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Course Outlines:

1. Data Base Fundamentals.
2. PL-SQL.
3. Oracle 10g Forms.
4. Oracle 10g Reports.




                   Mohannad Al-Hanahnah
Basic Definitions
• Database: A collection of related data.
• Data: Known facts that can be recorded and have an implicit
  meaning.
• Mini-world: Some part of the real world about which data is
  stored in a database. For example, student grades and
  transcripts at a university.
• Database Management System (DBMS): A software
  package/ system to facilitate the creation and maintenance
  of a computerized database.
• Database System: The DBMS software together with the
  data itself. Sometimes, the applications are also included.
Types of Databases and Database
              Applications
•   Numeric and Textual Databases
•   Multimedia Databases
•   Geographic Information Systems (GIS)
•   Data Warehouses
•   Real-time and Active Databases
    Ex: Weather Database, Multimedia DB


                           Mohannad Al-Hanahnah
Typical DBMS Functionality
• Define a database : in terms of data types,
  structures and constraints.
• Construct or Load the Database on a secondary
  storage medium.
• Manipulating the database : querying, generating
  reports, insertions, deletions and modifications to
  its content.
• Concurrent Processing and Sharing by a set of
  users and programs – yet, keeping all data valid
  and consistent.

                     Mohannad Al-Hanahnah
Typical DBMS Functionality

Other features:
  – Protection or Security measures to prevent
    unauthorized access
  – “Active” processing to take internal actions
    on data
  – Presentation and Visualization of data




                    Mohannad Al-Hanahnah
Examples of DBMS
Oracle
Sqlserver
Access
Informix
MySQL




            Mohannad Al-Hanahnah
Example of a Database
• Part of a UNIVERSITY environment.
• Entities (Tables):
   –   STUDENTs
   –   COURSEs
   –   SECTIONs (of COURSEs)
   –   (academic) DEPARTMENTs
   –   INSTRUCTORs
Note: The above could be expressed in the ENTITY-
  RELATIONSHIP data model.



                      Mohannad Al-Hanahnah
• Some relationships:
   –   SECTIONs are of specific COURSEs
   –   STUDENTs take SECTIONs
   –   COURSEs have prerequisite COURSEs
   –   INSTRUCTORs teach SECTIONs
   –   COURSEs are offered by DEPARTMENTs
   –   STUDENTs major in DEPARTMENTs

Note: The above could be expressed in the ENTITY-
  RELATIONSHIP data model.




                      Mohannad Al-Hanahnah
Main Characteristics of the Database
            Approach
• Data Abstraction: A data model is used to
  hide storage details and present the users
  with a conceptual view of the database.

• Support of multiple views of the data: Each
  user may see a different view of the database,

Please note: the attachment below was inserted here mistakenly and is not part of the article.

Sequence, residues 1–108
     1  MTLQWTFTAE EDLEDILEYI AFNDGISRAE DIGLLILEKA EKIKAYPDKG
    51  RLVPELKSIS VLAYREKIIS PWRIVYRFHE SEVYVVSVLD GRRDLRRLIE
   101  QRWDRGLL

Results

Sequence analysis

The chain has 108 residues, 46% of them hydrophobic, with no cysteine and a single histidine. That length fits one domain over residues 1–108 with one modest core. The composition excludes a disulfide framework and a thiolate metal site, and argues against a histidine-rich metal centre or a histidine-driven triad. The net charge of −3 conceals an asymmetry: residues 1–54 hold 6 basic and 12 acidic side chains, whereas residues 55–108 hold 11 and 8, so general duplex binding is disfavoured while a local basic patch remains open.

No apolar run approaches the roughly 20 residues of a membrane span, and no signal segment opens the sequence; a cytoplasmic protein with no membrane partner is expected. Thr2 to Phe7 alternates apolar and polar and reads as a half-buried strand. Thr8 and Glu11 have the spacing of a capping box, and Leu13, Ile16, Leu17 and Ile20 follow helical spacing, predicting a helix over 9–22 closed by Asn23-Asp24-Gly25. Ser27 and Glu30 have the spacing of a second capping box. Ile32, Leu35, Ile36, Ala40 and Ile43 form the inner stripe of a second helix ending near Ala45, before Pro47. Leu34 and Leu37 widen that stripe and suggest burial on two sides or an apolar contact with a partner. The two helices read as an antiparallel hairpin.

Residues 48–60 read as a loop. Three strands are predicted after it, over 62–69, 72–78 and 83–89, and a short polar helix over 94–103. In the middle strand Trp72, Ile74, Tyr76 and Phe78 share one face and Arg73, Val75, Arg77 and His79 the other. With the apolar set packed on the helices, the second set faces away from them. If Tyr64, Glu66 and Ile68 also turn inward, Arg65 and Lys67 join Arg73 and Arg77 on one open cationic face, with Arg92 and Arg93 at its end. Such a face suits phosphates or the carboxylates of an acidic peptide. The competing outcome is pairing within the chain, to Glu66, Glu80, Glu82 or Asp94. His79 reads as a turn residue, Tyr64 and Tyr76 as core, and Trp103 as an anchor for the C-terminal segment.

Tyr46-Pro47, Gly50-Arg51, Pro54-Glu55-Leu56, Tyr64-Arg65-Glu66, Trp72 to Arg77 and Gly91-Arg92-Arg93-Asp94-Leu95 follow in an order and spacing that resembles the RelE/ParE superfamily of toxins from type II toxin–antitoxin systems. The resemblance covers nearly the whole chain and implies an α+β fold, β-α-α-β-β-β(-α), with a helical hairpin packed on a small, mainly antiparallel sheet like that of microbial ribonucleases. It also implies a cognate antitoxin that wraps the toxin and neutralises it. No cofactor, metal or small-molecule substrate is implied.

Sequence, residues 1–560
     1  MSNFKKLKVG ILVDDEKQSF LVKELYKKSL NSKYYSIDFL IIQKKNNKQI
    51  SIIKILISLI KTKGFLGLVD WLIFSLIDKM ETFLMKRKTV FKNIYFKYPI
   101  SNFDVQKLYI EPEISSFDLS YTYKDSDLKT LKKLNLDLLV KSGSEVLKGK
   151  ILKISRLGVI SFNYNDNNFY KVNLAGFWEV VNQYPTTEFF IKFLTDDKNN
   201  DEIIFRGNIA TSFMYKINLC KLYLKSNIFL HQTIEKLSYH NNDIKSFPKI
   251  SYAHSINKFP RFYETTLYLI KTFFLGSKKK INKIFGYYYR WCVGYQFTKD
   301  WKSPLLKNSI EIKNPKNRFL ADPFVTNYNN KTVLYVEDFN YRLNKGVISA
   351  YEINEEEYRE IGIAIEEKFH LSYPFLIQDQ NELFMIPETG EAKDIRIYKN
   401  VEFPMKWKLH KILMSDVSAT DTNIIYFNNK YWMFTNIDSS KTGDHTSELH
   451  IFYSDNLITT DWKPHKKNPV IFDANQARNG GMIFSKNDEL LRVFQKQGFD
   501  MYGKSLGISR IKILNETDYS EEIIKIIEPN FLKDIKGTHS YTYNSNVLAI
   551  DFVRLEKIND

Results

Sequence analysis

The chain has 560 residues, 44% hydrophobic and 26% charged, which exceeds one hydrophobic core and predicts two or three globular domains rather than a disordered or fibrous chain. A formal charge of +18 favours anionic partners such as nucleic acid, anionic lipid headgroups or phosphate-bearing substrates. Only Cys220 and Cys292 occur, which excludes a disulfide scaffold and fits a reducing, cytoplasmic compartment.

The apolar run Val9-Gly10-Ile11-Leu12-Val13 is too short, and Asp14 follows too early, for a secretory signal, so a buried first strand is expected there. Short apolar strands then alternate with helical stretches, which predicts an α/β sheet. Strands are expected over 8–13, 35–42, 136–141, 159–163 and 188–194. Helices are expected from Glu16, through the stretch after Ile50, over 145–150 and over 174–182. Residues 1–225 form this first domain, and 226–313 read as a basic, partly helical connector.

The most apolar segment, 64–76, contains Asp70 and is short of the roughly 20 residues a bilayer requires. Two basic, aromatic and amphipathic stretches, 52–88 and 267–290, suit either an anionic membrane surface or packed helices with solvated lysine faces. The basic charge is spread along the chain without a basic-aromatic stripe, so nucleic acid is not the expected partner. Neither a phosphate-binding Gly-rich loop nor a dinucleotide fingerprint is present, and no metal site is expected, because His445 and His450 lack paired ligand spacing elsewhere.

which describes only the data of interest to
  that user.


                    Mohannad Al-Hanahnah
• Sharing of data and multiuser transaction
  processing : allowing a set of concurrent users to
  retrieve and to update the database.
  Concurrency control within the DBMS guarantees
  that each transaction is correctly executed or
  completely aborted. OLTP (Online Transaction
  Processing) is a major part of database
  applications.




                     Mohannad Al-Hanahnah
Database Users
Users may be divided into those who actually
  use and control the content (called “Actors
  on the Scene”) and those who enable the
  database to be developed and the DBMS
  software to be designed and implemented
  (called “Workers Behind the Scene”).




                  Mohannad Al-Hanahnah
Database Users Types:
  – Database administrators: responsible for authorizing
    access to the database, for co-ordinating and
    monitoring its use, acquiring software, and hardware
    resources, controlling its use and monitoring efficiency
    of operations.
  – Database Designers: responsible to define the
    content, the structure, the constraints, and functions
    or transactions against the database. They must
    communicate with the end-users and understand their
    needs.
  – End-users: they use the data for queries, reports and
    some of them actually update the database content.



                       Mohannad Al-Hanahnah
Categories of End-users
• Casual : access database occasionally when
  needed

• Parametric : they make up a large section of the
  end-user population. They use previously well-
  defined functions in the form of “canned
  transactions” against the database. Examples are
  bank-tellers or reservation clerks who do this
  activity for an entire shift of operations.


                    Mohannad Al-Hanahnah
• Sophisticated : these include business analysts,
  scientists, engineers, others thoroughly familiar
  with the system capabilities. Many use tools in the
  form of software packages that work closely with
  the stored database.

• Stand-alone : mostly maintain personal databases
  using ready-to-use packaged applications. An
  example is a tax program user that creates his or
  her own internal database.


                     Mohannad Al-Hanahnah
Advantages of Using the Database
              Approach
• Controlling redundancy in data storage and in
  development and maintenance efforts.
• Sharing of data among multiple users.
• Restricting unauthorized access to data.
• Providing persistent storage for program
  Objects.
• Providing Storage Structures for efficient
  Query Processing.

                   Mohannad Al-Hanahnah
• Providing backup and recovery services.
• Representing complex relationships among data.
• Enforcing integrity constraints on the database.
• Flexibility to change data structures: database